I am excited to share the next interview in my series, talking about partnership in professional services. In this instance I had the pleasure of spending some time with Philippa Eddie, who was a partner at EY for over 6 years. In her life after partnership, she is a Commercial Finance Specialist in the Cabinet Office, working on the delivery of large infrastructure projects.
Can you describe your career trajectory?
After studying engineering and economics at university, I started my career in the early 1990s working for a US investment bank. I then spent 11 years at Morgan Grenfell/Deutsche Bank.
After banking, I moved to EY (or Ernst & Young as it was then) in 2004 having been approached by a senior partner to set up a private sector advisory business for private finance initiative (PFI) projects. I joined EY as a director, with a view to being admitted to the partnership quickly; I became a partner in July 2006.
I was at EY until 2013 and joined government directly from there. I had been working in the field of infrastructure until then, mostly working with the private sector, and always for a private sector firm. I felt that it would be a great opportunity to be at the heart of government using my infrastructure financing skills – it would enable me to see projects from a different perspective. In this role, I’ve been able to work on a broad range of exciting projects. It has enabled me to use the skills built up in the private sector and develop them further while helping the public sector deliver large infrastructure projects, including the recent £400m Charging Infrastructure Investment Fund for electric vehicle chargepoints.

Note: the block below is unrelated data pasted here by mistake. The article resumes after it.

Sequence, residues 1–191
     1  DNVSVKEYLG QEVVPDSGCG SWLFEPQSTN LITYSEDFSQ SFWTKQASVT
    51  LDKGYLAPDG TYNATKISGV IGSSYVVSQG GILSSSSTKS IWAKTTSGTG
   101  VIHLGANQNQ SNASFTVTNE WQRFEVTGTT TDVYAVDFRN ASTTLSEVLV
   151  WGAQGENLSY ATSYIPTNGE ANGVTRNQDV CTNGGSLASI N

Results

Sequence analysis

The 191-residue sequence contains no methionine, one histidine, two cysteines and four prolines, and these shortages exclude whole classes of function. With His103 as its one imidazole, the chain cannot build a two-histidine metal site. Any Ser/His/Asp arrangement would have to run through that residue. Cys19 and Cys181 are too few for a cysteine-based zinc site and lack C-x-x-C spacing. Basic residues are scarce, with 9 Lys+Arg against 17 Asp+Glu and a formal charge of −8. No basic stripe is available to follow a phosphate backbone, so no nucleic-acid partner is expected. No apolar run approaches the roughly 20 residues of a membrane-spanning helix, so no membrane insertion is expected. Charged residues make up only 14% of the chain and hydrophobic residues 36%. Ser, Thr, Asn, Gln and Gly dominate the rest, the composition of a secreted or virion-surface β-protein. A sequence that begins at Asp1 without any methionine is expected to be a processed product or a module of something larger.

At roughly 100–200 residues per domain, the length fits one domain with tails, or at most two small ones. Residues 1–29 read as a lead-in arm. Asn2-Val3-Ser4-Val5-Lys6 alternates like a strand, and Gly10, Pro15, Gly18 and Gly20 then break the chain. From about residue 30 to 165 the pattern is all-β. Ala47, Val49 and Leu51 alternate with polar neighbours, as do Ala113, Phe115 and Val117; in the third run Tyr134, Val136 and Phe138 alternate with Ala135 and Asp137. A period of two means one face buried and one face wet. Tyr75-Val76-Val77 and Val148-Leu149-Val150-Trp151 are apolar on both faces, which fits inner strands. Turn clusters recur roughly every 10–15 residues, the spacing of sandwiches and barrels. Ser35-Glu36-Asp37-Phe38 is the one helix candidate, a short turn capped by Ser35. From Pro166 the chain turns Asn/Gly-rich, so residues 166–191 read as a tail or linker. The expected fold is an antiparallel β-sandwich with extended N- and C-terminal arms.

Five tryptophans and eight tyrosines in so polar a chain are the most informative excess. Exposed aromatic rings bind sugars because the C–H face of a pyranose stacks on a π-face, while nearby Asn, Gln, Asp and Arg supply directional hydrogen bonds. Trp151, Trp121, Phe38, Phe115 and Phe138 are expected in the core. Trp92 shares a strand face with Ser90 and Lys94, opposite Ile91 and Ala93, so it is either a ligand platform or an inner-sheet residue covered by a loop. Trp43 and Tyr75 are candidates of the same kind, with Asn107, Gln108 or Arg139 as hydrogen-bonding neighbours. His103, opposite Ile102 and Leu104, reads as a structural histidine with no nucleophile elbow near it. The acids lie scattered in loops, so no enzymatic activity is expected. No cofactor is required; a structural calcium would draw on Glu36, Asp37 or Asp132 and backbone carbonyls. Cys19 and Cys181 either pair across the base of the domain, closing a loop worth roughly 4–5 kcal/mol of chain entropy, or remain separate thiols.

What served you well as you approached partnership at EY?
One of the things I found really valuable was to understand in advance what life as a partner at EY would be like. I reached out to partners in various parts of the business including some I didn’t know. I talked to partners who were new into the partnership, and to some who had been around for a lot longer. I found this invaluable, and they were all more than happy to spend time with me.
What have been the unexpected challenges or opportunities as you went through your career?
The unexpected opportunity came when I was approached at Deutsche Bank by the EY partner I mentioned earlier to set up a PFI private sector advisory business at EY. It came at the right time – I had been at Morgan Grenfell/Deutsche Bank for 11 years and had made it to director level and was ready for a move. I should mention that I was pregnant with my second child and I remember being upfront with the EY partner about this – he said that he would be happy for me to join EY after my maternity leave. This made me feel very positively towards EY, and felt that this willingness to wait was a sign of a flexible employer.
As far as the challenges are concerned, work-life balance is very important for me. My second job was less manic than it had been at the US investment bank and I really felt that with better planning, people could usually go home at a reasonable time. This principle has stayed with me throughout my career, namely the importance of thinking about your team. So, challenges in the early part of my career led me to consider the kind of leader I wanted to be.